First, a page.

Is Evangelical Scholarship Academically Rigorous?

If you have clicked through to read a blog post raising a question about the academic rigor of evangelical scholarship, chances are good you already have your own answer to the question. But I recognize that such a polarizing question requires many nuances, qualifiers, and subtleties. For example, are we talking about American evangelicalism or its British variety? Are we talking about the “Big-tent” model of Fuller Seminary or the more exclusionary version championed by certain high-profile so-called “evangelical intellectuals?”

I want to focus specifically on two dissertations turned “academic” monographs recently published by Wipf and Stock, a publisher with a growing reputation for publishing books of uneven quality. Of course, this unevenness might be expected when a publishing house that employs 25 people publishes 60 books in one month (July) with the entire production being done in-house. With these numbers, I’d expect the quality of their published books to reflect the variable quality of their authors, not their overworked editors.

The first book is Tracy J. McKenzie’s Idolatry in the Pentateuch: An Innertextual Strategy. Sven Petry of Georg-August-Universität Göttingen recently reviewed the book in RBL, and his extensive critique at the conclusion of his review speaks volumes. He begins saying, “I must admit that I am not sure how to evaluate this volume.” This is never a good sign. He summarizes the book’s contents again, this time with a focus on things that academically are either unjustified, uninteresting, or already well established. He also mentions the lack of sufficient editing. (Wipf and Stock take note!)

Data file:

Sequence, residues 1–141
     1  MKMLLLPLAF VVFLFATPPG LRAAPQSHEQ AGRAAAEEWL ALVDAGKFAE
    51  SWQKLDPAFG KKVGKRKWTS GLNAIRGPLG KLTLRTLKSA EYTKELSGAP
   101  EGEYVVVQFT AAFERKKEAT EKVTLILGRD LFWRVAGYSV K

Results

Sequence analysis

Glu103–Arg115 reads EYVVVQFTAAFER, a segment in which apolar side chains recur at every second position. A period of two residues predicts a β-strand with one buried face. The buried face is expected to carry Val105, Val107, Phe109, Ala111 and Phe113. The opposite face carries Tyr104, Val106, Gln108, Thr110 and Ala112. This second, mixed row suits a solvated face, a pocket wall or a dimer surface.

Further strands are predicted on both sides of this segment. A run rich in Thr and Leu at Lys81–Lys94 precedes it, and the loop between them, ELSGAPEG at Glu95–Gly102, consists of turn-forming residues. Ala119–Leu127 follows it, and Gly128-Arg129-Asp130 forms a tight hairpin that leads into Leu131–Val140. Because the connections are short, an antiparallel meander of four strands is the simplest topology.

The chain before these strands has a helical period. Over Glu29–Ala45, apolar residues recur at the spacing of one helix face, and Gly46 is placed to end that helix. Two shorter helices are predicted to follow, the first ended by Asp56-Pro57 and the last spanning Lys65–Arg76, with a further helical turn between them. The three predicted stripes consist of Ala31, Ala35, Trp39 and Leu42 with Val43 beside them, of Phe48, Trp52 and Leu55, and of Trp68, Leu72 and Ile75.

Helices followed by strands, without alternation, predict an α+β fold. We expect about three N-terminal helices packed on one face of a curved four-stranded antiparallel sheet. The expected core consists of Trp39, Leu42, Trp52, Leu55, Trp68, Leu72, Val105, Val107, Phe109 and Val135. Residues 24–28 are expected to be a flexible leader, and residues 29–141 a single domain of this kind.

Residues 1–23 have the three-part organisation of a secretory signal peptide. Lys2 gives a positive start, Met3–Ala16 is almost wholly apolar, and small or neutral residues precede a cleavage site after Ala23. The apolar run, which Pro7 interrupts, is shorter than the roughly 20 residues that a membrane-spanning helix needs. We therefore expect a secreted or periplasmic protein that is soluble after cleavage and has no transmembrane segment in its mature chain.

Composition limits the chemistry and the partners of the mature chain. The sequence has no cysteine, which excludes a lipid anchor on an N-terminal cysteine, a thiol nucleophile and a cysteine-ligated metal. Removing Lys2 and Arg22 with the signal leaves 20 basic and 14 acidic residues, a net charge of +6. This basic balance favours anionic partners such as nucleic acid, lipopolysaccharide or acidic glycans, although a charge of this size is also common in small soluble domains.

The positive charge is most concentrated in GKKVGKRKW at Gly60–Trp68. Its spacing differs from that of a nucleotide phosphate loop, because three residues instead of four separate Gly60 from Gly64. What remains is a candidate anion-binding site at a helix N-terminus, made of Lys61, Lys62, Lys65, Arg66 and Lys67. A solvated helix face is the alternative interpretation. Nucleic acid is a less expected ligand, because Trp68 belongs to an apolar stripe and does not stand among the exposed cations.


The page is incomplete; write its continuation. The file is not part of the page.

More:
He then lays down the gauntlet:

Further, I suppose I have difficulties understanding and valuing McKenzie’s arguments because I come from a different world and speak a different language—and here I do not think in terms of geography. What I read shows me how large the gap between my notion of academic critical scholarship and McKenzie’s evangelical ideas are. Although I consider myself “critical,” I (as many other critical scholars) do believe that the final shape of the biblical text does matter. In this regard I fully consent to the opening sentence of chapter 1: “A central concern for Old Testament theology is an understanding of the final shape of the canon” (27). But while I regard a concept of the stages of textual growth as beneficial to this understanding, McKenzie’s concept of authorship that equalizes “author” and “composer” (49–50) sweeps away the value of any likely textual development prior to the final shape.

Petry raises an important point that often goes unrecognized by evangelical scholars who eschew historical criticism. Nonevangelical critical scholars can be just as enthusiastic about the final shape of the biblical text as an evangelical scholar. The difference between these and evangelical scholars is that critical scholars take seriously the claim that this is the final shape of the biblical text. Critical scholars acknowledge and examine both earlier and later forms of the text. Many evangelicals believe the “final shape of the biblical text” is the only shape—the only shape that matters or the only shape that has ever existed.

But Petry is not finished. He then raises the question of the function of “innertextuality” in this study. Now I should mention that I am writing a dissertation on “intertextuality,” and I argue most biblical scholars who use this term, evangelical or otherwise, are guilty of engaging in a practice that is un-academic. What I found to be interesting are the religiously motivated ends to which McKenzie so casually wielded this unwieldy nominalization.